Thinking About Health: Getting insurance under the Affordable Care Act |

Thinking About Health: Getting insurance under the Affordable Care Act

Trudy Lieberman/Rural Health News Service

On Oct. 1, millions of uninsured Americans — 716,000 in Colorado — got a new way to buy health insurance. They now can shop in the state insurance exchanges. Many of them had been shut out of the insurance market because they have pre-existing health conditions. In January, it will be illegal for insurers to turn away sick people.

It’s expected that about 24 million people will find insurance coverage in the exchanges, and about 60 percent of them will be eligible for a subsidy to help them pay the premiums. For families with incomes hovering near the federal poverty level ($23,550 for a family of four, $11,490 for individuals) and somewhat above, subsidies will be large and might cover a good chunk of the premium. Families with higher incomes will get smaller subsidies and will have to pay most of the premium themselves. That could be a big chunk of the family budget if they choose a policy with good coverage.

Customers in the exchanges mostly will be those who have no coverage and those who now buy it in what’s called the individual market. If you have employer coverage, Medicare, Medicaid or coverage from the military or the Indian Health Service, forget the exchanges. The law assumes you already have health coverage.

People who have coverage they’ve already bought in the individual market also can check out the exchange to see if they can get a better deal. That includes freelancers, retirees not yet old enough to get Medicare, people between jobs and families of workers whose employers provide insurance for employees but not for their spouses or kids.

A Hastings woman who is disabled because of a medical error is one of those who will be looking for an insurance deal on the exchange. She and her husband already have insurance they bought in the individual market. She had heard about the new law and went online to do a bit of research. She left her name on the site of and received calls from 15 agents eager to sign her up when the exchanges opened for business. One from Florida told her that if she didn’t sign up quickly, her application would not be accepted. The woman told me the agent’s message was, “If you don’t work with me on this, you’ve blown it, honey.”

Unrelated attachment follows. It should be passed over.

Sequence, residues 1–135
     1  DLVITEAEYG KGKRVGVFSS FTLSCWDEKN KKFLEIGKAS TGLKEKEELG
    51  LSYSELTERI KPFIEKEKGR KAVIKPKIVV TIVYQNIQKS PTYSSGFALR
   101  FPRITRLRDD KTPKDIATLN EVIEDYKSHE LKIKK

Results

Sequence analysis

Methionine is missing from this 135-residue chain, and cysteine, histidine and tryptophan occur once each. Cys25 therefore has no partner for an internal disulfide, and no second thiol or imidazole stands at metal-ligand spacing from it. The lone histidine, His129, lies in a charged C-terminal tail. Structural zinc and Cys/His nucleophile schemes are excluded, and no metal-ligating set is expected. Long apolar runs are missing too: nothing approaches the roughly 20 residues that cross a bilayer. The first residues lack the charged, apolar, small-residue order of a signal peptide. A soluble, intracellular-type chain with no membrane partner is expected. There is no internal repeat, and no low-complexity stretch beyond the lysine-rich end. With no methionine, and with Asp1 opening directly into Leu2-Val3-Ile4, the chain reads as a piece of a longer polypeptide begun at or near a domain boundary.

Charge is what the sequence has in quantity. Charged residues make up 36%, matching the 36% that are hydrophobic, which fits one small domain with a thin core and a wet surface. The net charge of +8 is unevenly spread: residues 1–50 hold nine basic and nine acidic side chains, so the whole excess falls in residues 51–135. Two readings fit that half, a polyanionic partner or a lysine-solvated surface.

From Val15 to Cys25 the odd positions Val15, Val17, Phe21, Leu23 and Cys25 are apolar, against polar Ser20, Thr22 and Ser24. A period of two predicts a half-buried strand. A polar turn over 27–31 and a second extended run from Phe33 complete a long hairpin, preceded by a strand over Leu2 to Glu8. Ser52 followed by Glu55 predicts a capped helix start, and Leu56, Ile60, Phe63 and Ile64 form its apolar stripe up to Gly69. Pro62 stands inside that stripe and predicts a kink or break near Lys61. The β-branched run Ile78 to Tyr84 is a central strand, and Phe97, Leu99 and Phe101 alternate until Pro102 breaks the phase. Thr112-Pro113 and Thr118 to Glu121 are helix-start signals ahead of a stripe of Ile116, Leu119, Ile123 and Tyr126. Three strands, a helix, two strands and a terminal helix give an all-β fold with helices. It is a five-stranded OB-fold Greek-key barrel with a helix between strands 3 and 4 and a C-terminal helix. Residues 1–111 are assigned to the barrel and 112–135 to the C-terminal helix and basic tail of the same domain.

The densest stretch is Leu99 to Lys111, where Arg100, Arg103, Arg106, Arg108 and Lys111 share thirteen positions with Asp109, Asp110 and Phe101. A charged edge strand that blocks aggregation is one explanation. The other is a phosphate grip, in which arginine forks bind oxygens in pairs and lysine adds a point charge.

That brings up the matter of where to go for help. Colorado operates its own exchange — Connect for Health Colorado — reachable at 855-752-6749.

You also can look for a navigator, a real live person trained to help people enroll in a policy. They are supposed to be unbiased and can’t steer consumers to any particular policy.

You don’t have to rush into anything right now. Take your time and study the options. Coverage doesn’t begin until January (if you sign up by Dec. 15), and open enrollment doesn’t end until March 31. If you buy a cheap policy that doesn’t cover your needs when you’re sick, you may be stuck with it for months until the next open enrollment. “It’s a like walking into a chasm of uncertainty,” the Hastings woman said. “It’s a little like shopping for a used car. You don’t know if you’re getting a lemon.”

The Rural Health News Service is funded by a grant from The Commonwealth Fund and distributed through the Nebraska Press Association Foundation, the Colorado Press Association and the South Dakota Newspaper Association.

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